In total, 24% were edentate, which is greater than the 18% of similarly aged 65–74 years old reported in the UK ADHS 2009.[8],[18] Of the 69 dentate participants, 8 were edentate in one jaw. These subjects thus wear a complete denture in one jaw and often have associated functional difficulty with eating and speech.[8] The mean DMFT in men was significantly higher than in women probably because men are less motivated than women. Perhaps it would have been better to report on the mean number of remaining natural teeth rather than DMFT as DMFT will inevitably be high in older age groups. The inverse relationship between education and DMFT is to be expected as lower educational attainment and higher caries experience is understandable. Furthermore, in this study, being men was predictive for both caries and periodontal disease, whereas the ASA classification was also predictive for periodontal disease. As morbidity increases, periodontal status worsens.

The UK ADHS (2009) reported that good periodontal health occurred in only 10 per cent of dentate adults aged over 55 years,[8] whereas in 265 Florida nursing home residents, 79.6% had calculus present with the authors concluding that care providers should receive training to improve the standard of oral care given to the elderly.[19] The results regarding periodontal status presented here are contradictory insofar as the majority responded that they brushed at least once a day yet the general periodontal status was sub-optimal. It is likely that ineffective plaque control was practiced or that responses were inaccurate. Nonetheless only 12% had a healthy periodontium, which is similar to 10% in the UK ADHS (2009) albeit participants were not institutionalized.[8] Carers’ baseline knowledge about oral health was reportedly poor before a 90-min training program but there was no measurable improvement in oral health a year after the training.[20] High staff turnover was implied as a reason.[20] Staff training is therefore an iterative process and should be repeated at regular intervals preferably with incentives such as certification.

It is of concern that 18 participants suffered with pain or soreness at the time of examination. None of the care home residents had a dental checkup before being admitted and domiciliary visits by a dentist was not routine. If residents complained of dental problems, the care home sent the residents to the nearest primary dental health centre.

Care home residents are a vulnerable group requiring special care. Lack of oral care can lead to severe problems. For instance, a consequence of dysphagia is aspiration pneumonia of oral bacteria which is often community acquired and has high mortality in the elderly.[21],[22] Other conditions have been described from oral microorganisms.[23],[24] Carers must be trained in basic oral care and understand the importance of prevention. Care home managers need to implement regular domiciliary visits from dental care professionals.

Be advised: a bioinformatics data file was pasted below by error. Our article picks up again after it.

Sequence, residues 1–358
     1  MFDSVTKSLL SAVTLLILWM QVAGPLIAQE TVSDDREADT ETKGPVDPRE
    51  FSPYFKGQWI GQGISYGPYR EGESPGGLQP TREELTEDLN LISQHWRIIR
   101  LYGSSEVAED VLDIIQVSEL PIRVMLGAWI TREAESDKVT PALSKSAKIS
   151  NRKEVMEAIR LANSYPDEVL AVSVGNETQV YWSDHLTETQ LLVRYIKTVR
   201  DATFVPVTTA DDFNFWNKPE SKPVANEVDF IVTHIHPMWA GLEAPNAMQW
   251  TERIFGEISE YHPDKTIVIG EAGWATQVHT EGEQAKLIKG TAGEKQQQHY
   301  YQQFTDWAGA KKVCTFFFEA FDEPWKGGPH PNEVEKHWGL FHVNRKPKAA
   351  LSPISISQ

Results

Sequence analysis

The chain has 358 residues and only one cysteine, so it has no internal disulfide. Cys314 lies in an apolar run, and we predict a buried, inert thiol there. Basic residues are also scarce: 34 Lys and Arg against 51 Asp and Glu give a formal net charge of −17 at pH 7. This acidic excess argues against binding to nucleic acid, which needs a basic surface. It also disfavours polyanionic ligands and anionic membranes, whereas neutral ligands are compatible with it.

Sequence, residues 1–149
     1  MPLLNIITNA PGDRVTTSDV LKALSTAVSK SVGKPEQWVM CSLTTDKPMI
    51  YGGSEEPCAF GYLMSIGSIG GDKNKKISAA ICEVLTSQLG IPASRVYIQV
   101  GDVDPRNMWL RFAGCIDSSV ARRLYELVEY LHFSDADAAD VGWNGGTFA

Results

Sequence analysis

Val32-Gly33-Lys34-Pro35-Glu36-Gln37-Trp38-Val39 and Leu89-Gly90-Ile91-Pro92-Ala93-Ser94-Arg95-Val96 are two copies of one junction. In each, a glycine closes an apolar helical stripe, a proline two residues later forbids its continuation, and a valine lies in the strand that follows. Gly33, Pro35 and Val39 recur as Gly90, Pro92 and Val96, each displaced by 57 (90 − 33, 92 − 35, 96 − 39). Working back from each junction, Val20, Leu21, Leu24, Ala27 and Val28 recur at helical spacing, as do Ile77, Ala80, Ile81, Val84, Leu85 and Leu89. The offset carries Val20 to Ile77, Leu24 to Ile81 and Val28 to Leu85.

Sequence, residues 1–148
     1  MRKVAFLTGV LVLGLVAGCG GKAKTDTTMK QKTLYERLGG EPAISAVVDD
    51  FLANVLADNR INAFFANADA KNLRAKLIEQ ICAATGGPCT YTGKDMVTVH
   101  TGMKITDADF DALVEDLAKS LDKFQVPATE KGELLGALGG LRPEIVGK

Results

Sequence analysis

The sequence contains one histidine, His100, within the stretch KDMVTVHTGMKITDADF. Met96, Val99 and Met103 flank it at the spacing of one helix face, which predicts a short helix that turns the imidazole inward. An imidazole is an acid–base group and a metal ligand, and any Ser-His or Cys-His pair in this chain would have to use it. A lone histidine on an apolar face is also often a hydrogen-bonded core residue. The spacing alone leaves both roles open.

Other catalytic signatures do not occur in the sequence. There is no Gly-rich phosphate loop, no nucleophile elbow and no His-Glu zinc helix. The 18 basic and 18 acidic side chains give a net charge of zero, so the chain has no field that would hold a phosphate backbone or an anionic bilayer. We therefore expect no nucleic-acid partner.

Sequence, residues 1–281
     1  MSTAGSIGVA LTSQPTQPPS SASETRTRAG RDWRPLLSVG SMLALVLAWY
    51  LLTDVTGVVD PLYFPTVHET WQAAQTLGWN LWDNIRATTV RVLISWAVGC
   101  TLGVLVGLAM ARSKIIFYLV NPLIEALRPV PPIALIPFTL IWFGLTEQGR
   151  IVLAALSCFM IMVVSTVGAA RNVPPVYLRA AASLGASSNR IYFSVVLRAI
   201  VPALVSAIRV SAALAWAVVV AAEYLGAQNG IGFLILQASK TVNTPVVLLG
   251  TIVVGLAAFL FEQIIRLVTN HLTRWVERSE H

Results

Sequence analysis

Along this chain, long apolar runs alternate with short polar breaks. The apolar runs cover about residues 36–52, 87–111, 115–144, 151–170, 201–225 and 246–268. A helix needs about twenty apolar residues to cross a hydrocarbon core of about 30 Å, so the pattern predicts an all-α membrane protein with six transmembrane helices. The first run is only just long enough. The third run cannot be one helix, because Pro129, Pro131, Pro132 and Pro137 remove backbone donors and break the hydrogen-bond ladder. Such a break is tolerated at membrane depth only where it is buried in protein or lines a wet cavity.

Conclusion Top

Identifying care homes in the UAE was difficult as there is no local or national registry. Despite the study limitations, the oral health of day-stay attendees and residents in care homes was poor. We recommend that all carers are trained in basic oral care and that they perform oral hygiene for those who are unable to do this effectively for themselves.



Financial support and sponsorship


Conflicts of interest

There are no conflicts of interest.

Author contributions

BM performed the dental examinations and carried out the literature searches. FAR organised the training, calibration and co-ordinated the care home visits. AM instigated the study, performed data analysis and wrote the manuscript.

Ethical policy and institutional review board statement

Ethical approval for this study was obtained from the HBMCDM REC (Protocol no. PRBMA11032017) on March 11, 2017. The study was conducted in accordance with the Declaration of Helsinki ethical principles.

Patient declaration of consent

Informed written consent for participation in this study and publication of the data for research and educational purposes was gained.

Data availability statement

The data set is available on request and with the agreement of Mohammed Bin Rashid University of Medicine and Health Sciences (MBRU), Dubai, UAE.

   References Top

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  [Table 1], [Table 2], [Table 3], [Table 4], [Table 5], [Table 6], [Table 7], [Table 8]